Thank God many of my good friends are still around. I count myself lucky, that there even octo- and nonagenarians amongst them. That´s way beyond the biblical age cited in Psalm 90:10. This current pandemic gave us time to reconnect and reflect on the great blessings of being alive and going about your business. As we catch up by good old mail, all of them refer to the blessing of this shutdown. It gives them well deserved rest, peace and quiet from interference and a break from all sorts of odd jobs typical for retirees. They are just so grateful to have some serious blocks for studies and intensive reading – and of course ample time to share with friends all over the world. None of them complain of any limitations. It´s not that they don´t have any. We all know that. After all, they´re not in heaven just yet. Still, the tenor of their song is the joy and happiness to concentrate on meaningful stuff. Probably very much like old Jerome in his study. Turning the skull with his hand as the hourglass runs out, he continues to read good news: Carpe diem. God´s Word is the staying force – our anchor in life and in death. Through this our good Lord draws us ever closer and closer to himself. He, our very best friend – faithful and true. Alleluia!

1 One thing’s needful; Lord, this treasure
Teach me highly to regard.
All else, though it first give pleasure,
Is a yoke that presses hard!
Beneath it the heart is still fretting and striving,
No true, lasting happiness ever deriving.
This one thing is needful; all others are vain–
I count all but loss that I Christ may obtain!

2 How were Mary’s thoughts devoted 
Her eternal joy to find
As intent each word she noted 
At her Savior’s feet reclined!
How kindled her heart, how devout was its feeling
While hearing the lessons that Christ was revealing!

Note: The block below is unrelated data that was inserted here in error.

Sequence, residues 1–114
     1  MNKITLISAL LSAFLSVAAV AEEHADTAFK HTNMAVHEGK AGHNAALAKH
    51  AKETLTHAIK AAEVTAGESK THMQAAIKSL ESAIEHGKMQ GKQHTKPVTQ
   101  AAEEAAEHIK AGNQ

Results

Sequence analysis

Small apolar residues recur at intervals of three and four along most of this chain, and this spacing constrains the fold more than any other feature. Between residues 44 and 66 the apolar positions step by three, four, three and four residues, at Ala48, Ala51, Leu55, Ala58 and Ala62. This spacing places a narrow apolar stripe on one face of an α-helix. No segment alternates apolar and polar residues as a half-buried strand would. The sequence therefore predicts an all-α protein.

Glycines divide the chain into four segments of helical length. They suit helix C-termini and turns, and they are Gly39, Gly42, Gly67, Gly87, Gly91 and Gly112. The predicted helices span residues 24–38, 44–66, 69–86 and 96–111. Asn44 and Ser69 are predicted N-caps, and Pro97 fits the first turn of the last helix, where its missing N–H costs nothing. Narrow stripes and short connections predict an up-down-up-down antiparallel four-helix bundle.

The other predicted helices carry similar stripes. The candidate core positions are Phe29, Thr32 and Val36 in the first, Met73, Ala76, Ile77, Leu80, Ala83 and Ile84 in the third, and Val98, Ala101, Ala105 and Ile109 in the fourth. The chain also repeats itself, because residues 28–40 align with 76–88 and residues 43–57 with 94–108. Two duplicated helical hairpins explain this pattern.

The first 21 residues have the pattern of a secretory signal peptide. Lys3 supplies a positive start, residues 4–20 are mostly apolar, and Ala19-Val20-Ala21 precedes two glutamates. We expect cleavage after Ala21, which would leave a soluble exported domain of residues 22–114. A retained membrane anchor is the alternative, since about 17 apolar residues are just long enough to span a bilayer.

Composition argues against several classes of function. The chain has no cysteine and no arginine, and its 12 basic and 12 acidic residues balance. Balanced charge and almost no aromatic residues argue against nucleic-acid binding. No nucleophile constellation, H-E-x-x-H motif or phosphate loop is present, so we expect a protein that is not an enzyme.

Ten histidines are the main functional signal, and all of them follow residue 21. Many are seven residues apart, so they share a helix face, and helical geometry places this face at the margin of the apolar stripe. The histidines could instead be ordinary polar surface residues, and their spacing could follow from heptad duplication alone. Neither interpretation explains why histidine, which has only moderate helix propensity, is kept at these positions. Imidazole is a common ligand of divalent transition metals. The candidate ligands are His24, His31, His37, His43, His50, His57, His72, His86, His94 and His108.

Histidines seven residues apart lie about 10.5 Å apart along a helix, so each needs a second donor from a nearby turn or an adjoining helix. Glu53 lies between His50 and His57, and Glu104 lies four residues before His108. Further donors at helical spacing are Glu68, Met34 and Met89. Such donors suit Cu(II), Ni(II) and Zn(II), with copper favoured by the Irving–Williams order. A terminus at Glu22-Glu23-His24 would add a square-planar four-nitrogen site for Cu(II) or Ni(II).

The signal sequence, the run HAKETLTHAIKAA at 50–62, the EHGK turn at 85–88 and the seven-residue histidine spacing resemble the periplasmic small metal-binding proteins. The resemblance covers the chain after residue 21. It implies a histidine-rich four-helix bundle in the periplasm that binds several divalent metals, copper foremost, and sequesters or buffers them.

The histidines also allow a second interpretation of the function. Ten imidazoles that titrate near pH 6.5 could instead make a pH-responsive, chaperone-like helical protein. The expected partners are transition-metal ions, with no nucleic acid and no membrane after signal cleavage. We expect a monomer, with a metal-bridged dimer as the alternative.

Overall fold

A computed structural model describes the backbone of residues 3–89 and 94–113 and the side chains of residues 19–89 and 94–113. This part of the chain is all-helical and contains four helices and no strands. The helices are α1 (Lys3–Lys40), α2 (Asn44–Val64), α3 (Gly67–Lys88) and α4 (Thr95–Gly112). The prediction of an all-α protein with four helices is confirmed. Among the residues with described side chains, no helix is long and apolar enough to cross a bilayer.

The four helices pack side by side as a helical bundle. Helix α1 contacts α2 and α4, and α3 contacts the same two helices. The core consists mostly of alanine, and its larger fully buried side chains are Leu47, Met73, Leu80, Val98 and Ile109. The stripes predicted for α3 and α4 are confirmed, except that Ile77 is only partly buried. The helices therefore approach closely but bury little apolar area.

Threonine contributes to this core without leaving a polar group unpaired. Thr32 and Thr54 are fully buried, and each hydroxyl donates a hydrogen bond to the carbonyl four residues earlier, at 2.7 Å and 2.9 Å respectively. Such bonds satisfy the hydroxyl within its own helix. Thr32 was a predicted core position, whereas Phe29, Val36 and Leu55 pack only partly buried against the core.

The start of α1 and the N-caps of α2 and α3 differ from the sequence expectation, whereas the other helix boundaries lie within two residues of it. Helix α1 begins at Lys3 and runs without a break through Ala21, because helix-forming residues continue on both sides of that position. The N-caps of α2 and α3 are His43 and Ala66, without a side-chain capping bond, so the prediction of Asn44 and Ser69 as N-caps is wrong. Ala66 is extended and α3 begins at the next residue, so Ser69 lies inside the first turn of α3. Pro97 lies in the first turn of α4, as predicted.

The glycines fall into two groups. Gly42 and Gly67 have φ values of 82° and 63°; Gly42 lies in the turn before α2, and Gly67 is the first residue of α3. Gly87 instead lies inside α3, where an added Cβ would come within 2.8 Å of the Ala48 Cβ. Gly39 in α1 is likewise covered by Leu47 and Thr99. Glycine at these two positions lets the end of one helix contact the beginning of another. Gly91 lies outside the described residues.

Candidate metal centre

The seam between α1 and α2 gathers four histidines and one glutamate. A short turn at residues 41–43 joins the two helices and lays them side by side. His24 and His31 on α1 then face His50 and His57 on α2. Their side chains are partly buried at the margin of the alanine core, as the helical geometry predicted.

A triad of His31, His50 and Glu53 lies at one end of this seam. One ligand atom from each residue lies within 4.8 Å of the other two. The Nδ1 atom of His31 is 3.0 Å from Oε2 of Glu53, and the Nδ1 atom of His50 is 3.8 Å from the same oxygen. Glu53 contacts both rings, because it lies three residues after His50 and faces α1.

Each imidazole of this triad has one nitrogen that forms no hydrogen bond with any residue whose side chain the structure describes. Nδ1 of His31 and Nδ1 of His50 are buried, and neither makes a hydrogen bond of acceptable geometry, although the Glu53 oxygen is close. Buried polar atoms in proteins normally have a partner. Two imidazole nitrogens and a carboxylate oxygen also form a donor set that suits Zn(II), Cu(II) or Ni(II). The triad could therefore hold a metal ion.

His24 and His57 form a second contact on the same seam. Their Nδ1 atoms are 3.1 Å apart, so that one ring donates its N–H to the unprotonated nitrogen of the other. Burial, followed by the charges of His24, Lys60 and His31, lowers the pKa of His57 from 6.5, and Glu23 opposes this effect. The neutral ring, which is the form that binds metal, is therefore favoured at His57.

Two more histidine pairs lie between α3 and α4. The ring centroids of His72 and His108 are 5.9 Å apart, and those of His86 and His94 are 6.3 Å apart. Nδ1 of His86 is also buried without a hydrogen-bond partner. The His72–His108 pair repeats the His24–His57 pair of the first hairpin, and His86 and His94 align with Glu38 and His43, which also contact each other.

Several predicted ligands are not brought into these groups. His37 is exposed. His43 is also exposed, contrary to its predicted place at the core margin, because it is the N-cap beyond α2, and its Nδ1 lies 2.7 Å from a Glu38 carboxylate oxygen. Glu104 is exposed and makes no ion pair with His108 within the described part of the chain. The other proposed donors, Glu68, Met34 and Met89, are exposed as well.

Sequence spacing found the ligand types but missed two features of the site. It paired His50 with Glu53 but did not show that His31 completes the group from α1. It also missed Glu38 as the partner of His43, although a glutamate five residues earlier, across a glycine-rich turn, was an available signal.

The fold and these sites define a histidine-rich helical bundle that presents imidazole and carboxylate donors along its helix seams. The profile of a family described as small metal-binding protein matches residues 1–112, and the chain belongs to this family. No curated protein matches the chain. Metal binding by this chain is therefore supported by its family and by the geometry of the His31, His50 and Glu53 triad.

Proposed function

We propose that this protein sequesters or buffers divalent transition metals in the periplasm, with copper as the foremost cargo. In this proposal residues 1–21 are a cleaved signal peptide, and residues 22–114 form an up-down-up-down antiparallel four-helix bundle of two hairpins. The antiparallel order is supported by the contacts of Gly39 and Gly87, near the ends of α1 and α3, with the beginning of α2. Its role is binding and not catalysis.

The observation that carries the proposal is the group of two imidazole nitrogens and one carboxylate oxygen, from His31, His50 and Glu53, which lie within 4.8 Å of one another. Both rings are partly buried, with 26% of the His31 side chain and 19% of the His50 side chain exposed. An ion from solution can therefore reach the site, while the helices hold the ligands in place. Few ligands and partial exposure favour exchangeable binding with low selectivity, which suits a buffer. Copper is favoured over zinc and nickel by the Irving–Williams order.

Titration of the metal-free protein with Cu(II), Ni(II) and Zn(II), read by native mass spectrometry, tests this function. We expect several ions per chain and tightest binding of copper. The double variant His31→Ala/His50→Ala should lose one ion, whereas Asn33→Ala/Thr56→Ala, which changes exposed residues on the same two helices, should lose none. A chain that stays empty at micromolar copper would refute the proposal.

All earthly concerns she forgot for her Lord
And found her contentment in hearing His Word.

3 Wisdom’s highest, noblest treasure,
Jesus, is revealed in You.
Let me find in You my pleasure,
And my wayward will subdue,
Humility there and simplicity reigning.
In paths of true wisdom my steps ever training.
If I learn from Jesus this knowledge divine,
The blessing of heavenly wisdom is mine.

4 Nothing have I, Christ, to offer,
You alone, my highest good.
Nothing have I, Lord, to proffer
But Your crimson-colored blood.
Your death on the cross has death wholly defeated
And thereby my righteousness fully completed;
Salvation’s white raiments I there did obtain,
And in them in glory with You I shall reign.

5 Therefore You alone, my Savior,
Shall be all in all to me;
Search my heart and my behavior,
Root out all hypocrisy.
Through all my life’s pilgrimage, guard and uphold me,
In loving forgiveness, O Jesus, enfold me.
This one thing is needful; all others are vain–
I count all but loss that I Christ may obtain!

Source: Lutheran Service Book #536

About Wilhelm Weber

Pastor at the Old Latin School in the Lutherstadt Wittenberg
This entry was posted in Feierabend, Gedankensplitter, Hymns and tagged , , , , , , . Bookmark the permalink.

Leave a Reply

Fill in your details below or click an icon to log in: Logo

You are commenting using your account. Log Out /  Change )

Twitter picture

You are commenting using your Twitter account. Log Out /  Change )

Facebook photo

You are commenting using your Facebook account. Log Out /  Change )

Connecting to %s

This site uses Akismet to reduce spam. Learn how your comment data is processed.